I've already done this. It's my new op. To me, PMCs are blobs of memory, so that way you don't have two ways of doing essential the same thing. Some may argue that a PMC needs structure, but I don't see why that's not true with my method. Then again, I always take the encapsulation method. Outside code should not be able to peel back the veil and inspect my data structure. This actually leads me to considering a seal function on PMCs, so only a particular code segment can do store or load operations on a PMC. But that has some developing to do.
Point 4: ffi
This is important, I must agree. But I also think this might be outside the bounds of Lorito. Personally, and I've gotten some feedback about this position, I think Lorito bytecode should have one way to interact with anything from the outside world. This means Lorito does not interact with nci or ffi directly. Instead, it delegates that complexity to other code. Yes, I know this sounds inefficient, but I have heard whiteknight and chromatic repeat over and over that PCC (Parrot Calling Convention) is slow. Really slow. So I abandoned anything that resembled PCC for two reasons. First, for the above being slow. Second, because I don't have the opcode length to. Instead, all Lorito calls are made by pushing arguments (all of which are PMCs) onto a stack in the context. If it's a Lorito method, it can pop the arguments off. If it's a C function, the C function can pop the arguments off. In the case of nci or ffi, it can be thunk that massages the arguments into C types, and call the actual C function, arguments in tact. The big advantage of this is the simplicity. If you're interacting with Lorito, you can get the arguments easily with a (inlinable) function call. If you're calling nci or ffi, you still have to do your thing. But you would have to do it anyways. So what I've done is made the simple case simple (and in theory, faster) and the complex case possible. The PCC way is overly complex, and is always complex, even for the simple case.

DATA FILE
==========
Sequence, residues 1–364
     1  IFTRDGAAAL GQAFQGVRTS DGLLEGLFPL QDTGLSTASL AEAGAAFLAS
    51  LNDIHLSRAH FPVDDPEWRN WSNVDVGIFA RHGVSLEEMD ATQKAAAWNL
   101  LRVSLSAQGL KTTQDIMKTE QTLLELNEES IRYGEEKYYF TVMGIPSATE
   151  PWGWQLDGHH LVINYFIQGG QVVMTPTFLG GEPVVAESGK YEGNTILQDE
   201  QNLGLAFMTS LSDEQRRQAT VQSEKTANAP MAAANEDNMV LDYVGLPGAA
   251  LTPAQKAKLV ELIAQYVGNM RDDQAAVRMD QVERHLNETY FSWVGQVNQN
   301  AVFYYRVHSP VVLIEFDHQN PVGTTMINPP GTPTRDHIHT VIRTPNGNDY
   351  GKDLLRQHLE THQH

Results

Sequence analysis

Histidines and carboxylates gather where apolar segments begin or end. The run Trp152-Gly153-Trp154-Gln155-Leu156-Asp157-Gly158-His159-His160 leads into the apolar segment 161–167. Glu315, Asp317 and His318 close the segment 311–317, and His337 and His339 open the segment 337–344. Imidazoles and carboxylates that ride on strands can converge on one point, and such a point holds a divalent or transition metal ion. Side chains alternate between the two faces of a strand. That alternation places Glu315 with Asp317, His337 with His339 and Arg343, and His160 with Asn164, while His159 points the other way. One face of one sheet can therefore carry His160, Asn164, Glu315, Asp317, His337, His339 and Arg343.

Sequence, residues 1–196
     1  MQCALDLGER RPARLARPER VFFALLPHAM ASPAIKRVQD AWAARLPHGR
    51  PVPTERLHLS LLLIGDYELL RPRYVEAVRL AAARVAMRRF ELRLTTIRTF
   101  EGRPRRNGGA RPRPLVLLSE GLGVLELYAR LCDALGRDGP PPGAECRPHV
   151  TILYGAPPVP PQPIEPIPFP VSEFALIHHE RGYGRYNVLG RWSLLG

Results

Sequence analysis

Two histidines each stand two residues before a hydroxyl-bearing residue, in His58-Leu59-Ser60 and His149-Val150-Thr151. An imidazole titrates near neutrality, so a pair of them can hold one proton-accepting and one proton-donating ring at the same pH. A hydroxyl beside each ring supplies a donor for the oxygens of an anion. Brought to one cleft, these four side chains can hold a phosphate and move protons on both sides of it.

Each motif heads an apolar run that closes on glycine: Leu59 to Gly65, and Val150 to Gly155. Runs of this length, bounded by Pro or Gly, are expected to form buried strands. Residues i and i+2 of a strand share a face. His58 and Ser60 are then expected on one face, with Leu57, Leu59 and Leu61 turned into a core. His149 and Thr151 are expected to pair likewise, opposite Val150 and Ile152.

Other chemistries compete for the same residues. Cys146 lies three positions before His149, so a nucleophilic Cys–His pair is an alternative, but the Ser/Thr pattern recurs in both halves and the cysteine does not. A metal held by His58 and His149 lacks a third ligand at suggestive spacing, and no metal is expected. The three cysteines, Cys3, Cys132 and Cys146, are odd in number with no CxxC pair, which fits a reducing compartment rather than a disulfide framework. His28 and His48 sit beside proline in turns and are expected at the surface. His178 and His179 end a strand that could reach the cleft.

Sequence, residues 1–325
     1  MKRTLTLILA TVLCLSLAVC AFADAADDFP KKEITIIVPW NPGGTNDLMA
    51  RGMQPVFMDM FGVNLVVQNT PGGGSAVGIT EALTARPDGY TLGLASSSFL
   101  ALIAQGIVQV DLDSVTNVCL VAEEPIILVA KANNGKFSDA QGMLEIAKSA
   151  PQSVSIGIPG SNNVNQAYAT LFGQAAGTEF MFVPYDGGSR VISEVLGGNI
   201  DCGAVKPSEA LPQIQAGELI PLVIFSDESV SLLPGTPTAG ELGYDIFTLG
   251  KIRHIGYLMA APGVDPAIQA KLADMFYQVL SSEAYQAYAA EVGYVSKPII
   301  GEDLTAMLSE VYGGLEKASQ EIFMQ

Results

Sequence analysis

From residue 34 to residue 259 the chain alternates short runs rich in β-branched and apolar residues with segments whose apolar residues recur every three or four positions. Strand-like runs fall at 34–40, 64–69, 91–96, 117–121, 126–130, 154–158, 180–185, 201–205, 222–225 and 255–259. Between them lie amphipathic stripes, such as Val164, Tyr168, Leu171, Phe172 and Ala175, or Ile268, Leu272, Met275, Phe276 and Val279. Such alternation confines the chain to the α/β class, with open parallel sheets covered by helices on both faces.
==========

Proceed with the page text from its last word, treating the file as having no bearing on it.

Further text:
Point 5: int sizes
Haven't thought a lot about this. Honestly, I've been ignoring the issue.
Point 6: Don't fear the REPR
Seems completely possible to me. No matter if the REPR is at the Lorito level, or at a higher level, this seems worthwhile.
Point 7: CPS and Context
Exactly what I do today. Hurray!
Point 8: Awaiting clarification.
Point 9: Pass
(I know it looks like I'm giving up, but really, there's nothing for me to talk about)
Point A: Strings, not Symbols, are PMCs
That sums it up. The S register in my Lorito are symbols. Not Strings. Strings are high level constructs and deserve to be elevated to PMC status. But low level symbols are a highly useful and time saving construct. I've added no functionality to manipulate symbols. They are there to load into registers and compare. That is about all they can do.
I was hoping for concrete answers from last Thursday, and I got some, but I also got a lot more possible directions. So, I am going to keep on doing what I've been doing, and try and reconcile ideas as the come along and advocating what I've done so far. Not sure where this is going to lead me and Parrot, but the possibilities are interesting to watch unfold.
And wow, that's a lot of text for such a short topic.